Second, we explored whether individual plant species or individual plant functional groups, or biodiversity itself is more important for ecosystem functioning, in particular biomass production. We found strong effects of individual species and plant functional groups on biomass production, yet these effects often occurred mostly in addition to, but not instead of, effects of plant species richness.
Third, the Jena Experiment assessed the effect of diversity on multitrophic interactions. The diversity of most organisms responded positively to increases in plant species richness, and the effect was stronger for above- than for belowground organisms, and stronger for herbivores than for carnivores or detritivores. Thus, diversity begets diversity. In addition, the effect on organismic diversity was stronger than the effect on species abundances.
Fourth, the Jena Experiment aimed to assess the effect of diversity on N, P and C cycling and the water balance of the plots, separating between element input into the ecosystem, element turnover, element stocks, and output from the ecosystem. While inputs were generally less affected by plant species richness, measures of element stocks, turnover and output were often positively affected by plant diversity, e.g. carbon storage strongly increased with increasing plant species richness. Variables of the N cycle responded less strongly to plant species richness than variables of the C cycle.
Fifth, plant traits are often used to unravel mechanisms underlying the biodiversity-ecosystem functioning relationship. In the Jena Experiment, most investigated plant traits, both above- and belowground, were plastic and trait expression depended on plant diversity in a complex way, suggesting limitation to using database traits for linking plant traits to particular functions.
Sixth, plant diversity effects on ecosystem processes are often caused by plant diversity effects on species interactions. Analyses in the Jena Experiment including structural equation modelling suggest complex interactions that changed with diversity, e.g. soil carbon storage and greenhouse gas emission were affected by changes in the composition and activity of the belowground microbial community. Manipulation experiments where particular organisms, e.g. belowground invertebrates, were excluded from plots in split-plot experiments, supported the important role of the biotic component for element and water fluxes.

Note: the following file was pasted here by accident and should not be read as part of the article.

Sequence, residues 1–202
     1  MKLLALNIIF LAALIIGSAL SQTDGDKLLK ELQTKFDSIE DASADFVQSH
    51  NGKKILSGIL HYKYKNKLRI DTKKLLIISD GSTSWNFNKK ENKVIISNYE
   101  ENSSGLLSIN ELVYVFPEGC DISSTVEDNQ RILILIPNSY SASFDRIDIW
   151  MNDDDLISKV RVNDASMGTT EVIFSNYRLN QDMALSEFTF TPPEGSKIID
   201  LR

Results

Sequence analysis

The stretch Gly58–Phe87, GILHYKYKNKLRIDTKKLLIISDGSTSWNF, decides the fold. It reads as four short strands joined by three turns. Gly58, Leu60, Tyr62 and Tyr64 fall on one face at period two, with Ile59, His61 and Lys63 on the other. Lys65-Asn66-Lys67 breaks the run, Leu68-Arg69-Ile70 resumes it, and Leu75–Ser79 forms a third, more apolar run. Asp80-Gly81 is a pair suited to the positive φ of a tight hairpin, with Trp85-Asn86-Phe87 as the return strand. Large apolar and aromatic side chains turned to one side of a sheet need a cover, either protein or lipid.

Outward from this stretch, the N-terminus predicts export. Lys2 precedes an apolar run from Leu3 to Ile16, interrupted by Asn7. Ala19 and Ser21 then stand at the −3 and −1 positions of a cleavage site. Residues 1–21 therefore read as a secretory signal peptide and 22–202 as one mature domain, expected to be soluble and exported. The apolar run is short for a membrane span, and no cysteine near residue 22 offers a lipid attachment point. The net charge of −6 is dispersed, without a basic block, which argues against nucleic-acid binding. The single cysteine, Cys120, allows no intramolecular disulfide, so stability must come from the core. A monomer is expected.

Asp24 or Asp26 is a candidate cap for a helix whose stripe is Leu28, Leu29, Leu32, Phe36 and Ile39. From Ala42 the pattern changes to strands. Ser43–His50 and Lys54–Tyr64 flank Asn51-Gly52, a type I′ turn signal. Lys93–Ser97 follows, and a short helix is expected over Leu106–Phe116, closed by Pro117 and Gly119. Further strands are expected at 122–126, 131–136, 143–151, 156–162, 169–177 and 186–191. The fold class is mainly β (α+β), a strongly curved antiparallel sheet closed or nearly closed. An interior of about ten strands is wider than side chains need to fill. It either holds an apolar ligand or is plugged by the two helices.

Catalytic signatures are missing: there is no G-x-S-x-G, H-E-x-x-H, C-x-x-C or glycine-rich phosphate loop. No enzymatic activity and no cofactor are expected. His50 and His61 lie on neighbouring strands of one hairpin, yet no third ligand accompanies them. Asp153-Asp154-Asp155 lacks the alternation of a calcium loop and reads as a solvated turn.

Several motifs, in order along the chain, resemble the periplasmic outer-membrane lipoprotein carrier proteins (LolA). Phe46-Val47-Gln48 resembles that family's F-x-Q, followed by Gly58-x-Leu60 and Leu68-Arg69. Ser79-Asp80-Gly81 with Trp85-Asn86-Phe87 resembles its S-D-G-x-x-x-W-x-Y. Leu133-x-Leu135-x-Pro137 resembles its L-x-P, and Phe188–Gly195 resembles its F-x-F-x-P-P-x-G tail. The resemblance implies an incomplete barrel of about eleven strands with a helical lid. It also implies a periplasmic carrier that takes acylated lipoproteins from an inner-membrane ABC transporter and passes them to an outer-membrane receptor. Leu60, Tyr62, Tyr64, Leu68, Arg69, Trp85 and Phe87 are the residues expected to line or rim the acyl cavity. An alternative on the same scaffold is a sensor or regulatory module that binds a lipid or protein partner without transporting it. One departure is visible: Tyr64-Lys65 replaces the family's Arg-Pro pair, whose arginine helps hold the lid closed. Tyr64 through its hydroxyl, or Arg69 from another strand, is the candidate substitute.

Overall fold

Seventh, the Jena Experiment aimed to put the results into the context of agricultural practices in managed grasslands. The effect of increasing plant species richness from 1 to 16 species on plant biomass was, in absolute terms, as strong as the effect of a more intensive grassland management, using fertiliser and increasing mowing frequency. Potential bioenergy production from high-diversity plots was similar to that of conventionally used energy crops. These results suggest that diverse ‘High Nature Value Grasslands’ are multifunctional and can deliver a range of ecosystem services including production-related services.
A final task was to assess the importance of potential artefacts in biodiversity–ecosystem functioning relationships, caused by the weeding of the plant community to maintain plant species composition. While the effort (in hours) needed to weed a plot was often negatively related to plant species richness, species richness still affected the majority of ecosystem variables. Weeding also did not negatively affect monoculture performance; rather, monocultures deteriorated over time for a number of biological reasons, as shown in plant-soil feedback experiments.
To summarize, the Jena Experiment has allowed for a comprehensive analysis of the functional role of biodiversity in an ecosystem. A main challenge for future biodiversity research is to increase our mechanistic understanding of why the magnitude of biodiversity effects differs among processes and contexts. It is likely that there will be no simple answer. For example, among the multitude of mechanisms suggested to underlie the positive plant species richness effect on biomass, some have received limited support in the Jena Experiment, such as vertical root niche partitioning. However, others could not be rejected in targeted analyses. Thus, from the current results in the Jena Experiment it seems likely that the positive biodiversity effect results from several mechanisms acting simultaneously in more diverse communities, such as reduced pathogen attack, the presence of more plant growth promoting organisms, less seed limitation, and increased trait differences leading to complementarity in resource uptake. Distinguishing between different mechanisms requires careful testing of competing hypotheses. Biodiversity research has matured such that predictive approaches testing particular mechanisms are now possible.